The conclusion is that when we take photos of a wave or a particle we have less information than taking a small clip(video). This is about the information we get from the universe.

Above I talked about the information we get by observing the universe. Now I am going to talk about the information in the universe. I am not an expert philosopher still what I think is that we can't take a point in time. We see in some sci-fi movies that time is frozen and then they replay the time and everything is normal. I believe when we replay the time. The universe not know " what to do next".

• As insightful this answer might be, I don't think it answers the question. As I read it, the op asks if given a photo (position) and momentum we have complete information of the state of a bullet, but not of a wave. Nov 1, 2020 at 16:33

This answers "How does the universe "know" which way a wave should move?".

First, consider that "the universe", and "a wave" are mental ideals. They are not natural objects, it is our mind that is used to build objects according to our percepting and reasoning capabilities.

In fact, there are no objects in the universe. An atom is just an ideal. Out there, in the reality that is hidden to our senses (what Immanuel Kant called the thing in itself), there is certainly something that produces what our senses register. But the limits between what is the object (e.g. the wave, or an atom) and what is not the object (the rest of the universe, excluding the wave, or the atom, in the second case) are subjective. Objects exist only due to subjects. An object is not possible without a subject.

But perhaps the essential pattern that we perceive, something that Kant would call a priori (a kind of knowledge that is not obtained from perceptive experience, but created in our mind in order to allow perception), is the object, or simply the thing (assuming that we, rational individuals, are the subject). And, following such a priori knowledge, things contain smaller things and are part of bigger things, as a wave is made of particles in movement. The systems theory is useful to follow this perspective; following it, all systems are made of sub-systems, and are part of supra-systems. We need of such principle in order to understand nature, in order to survive. But for Kant, such approach is not necessarily true. Kant considers that space is also a priori knowledge, and that the fact that things are made of smaller things an error of our perception, leading to rational contradictions, an antinomy for him. (Second antinomy: [1])

Well, waves are not only particles in movement, because in such case thy would behave like particles of dust released out of the atmosphere and far from gravity; waves are particles interacting, like all things in the universe. A rock is such thing because it is not only a bunch of atomic sand; it is a group of atoms interacting (forming molecules, which interact forming an object which tends to keep a shape). Amazing, it is!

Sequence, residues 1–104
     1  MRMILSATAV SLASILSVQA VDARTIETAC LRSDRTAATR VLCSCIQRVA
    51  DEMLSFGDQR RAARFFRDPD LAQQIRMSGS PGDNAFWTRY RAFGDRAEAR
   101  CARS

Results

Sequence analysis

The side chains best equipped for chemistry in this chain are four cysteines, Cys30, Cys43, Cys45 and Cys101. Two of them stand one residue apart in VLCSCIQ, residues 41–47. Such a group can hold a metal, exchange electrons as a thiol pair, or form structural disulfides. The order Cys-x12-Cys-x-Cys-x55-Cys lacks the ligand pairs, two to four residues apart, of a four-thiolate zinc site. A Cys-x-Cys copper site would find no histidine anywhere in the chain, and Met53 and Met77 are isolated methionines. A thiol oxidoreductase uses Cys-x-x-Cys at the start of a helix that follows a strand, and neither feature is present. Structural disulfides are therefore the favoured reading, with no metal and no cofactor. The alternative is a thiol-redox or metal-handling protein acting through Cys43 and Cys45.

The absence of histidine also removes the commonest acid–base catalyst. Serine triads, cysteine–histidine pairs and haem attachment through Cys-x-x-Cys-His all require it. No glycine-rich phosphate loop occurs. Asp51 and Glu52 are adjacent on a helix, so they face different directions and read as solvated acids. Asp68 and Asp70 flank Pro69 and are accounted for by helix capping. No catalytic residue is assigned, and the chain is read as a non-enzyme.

And, in case of your example, the universe (which is a group of parts invented by our minds) is not telling the atomic particles how to behave, like no thing tells a cloud what shape to adopt. The shape a cloud, a drop or a rock takes depends mostly on the set of interactions between its parts, and also on the interactions between other parts in the environment.

Therefore, the shape of a wave is not determined by the universe (by the supra-system), but by its sub-systems (the particles interacting). Interactions produce behaviors, according to our perception. The parts (assuming that such is a valid truth) determine the features of the whole, and not conversely. Considering the conditions described above, that's your answer.

Note: remark that I've considered the atom as the smallest thing. But that's not a final truth. It was an empirical truth (absolutely subjective to humans) until quarks were "discovered", and quarks were an empirical truth until strings were theorized, and such pattern continues. But we don't know the final truth. We're far from it. The empirical truth that we know is the only one we have and we're constrained to develop knowledge (including scientific knowledge) upon it. The problem of our empirical truth is that it can take the shape of a set of tautologies. Sadly, we need to accept that. We born, and learn to differentiate things based on what our mind and body determines to be things. The structure of reason has this shape and there's nothing we can do about it. We're constrained to learn from nature behind the biased spectacles of perception.

• So does the wave move left or right? Oct 31, 2020 at 5:46
• @Andrew: Already said: it is subjective. It could be right for you, left for me. Oct 31, 2020 at 5:51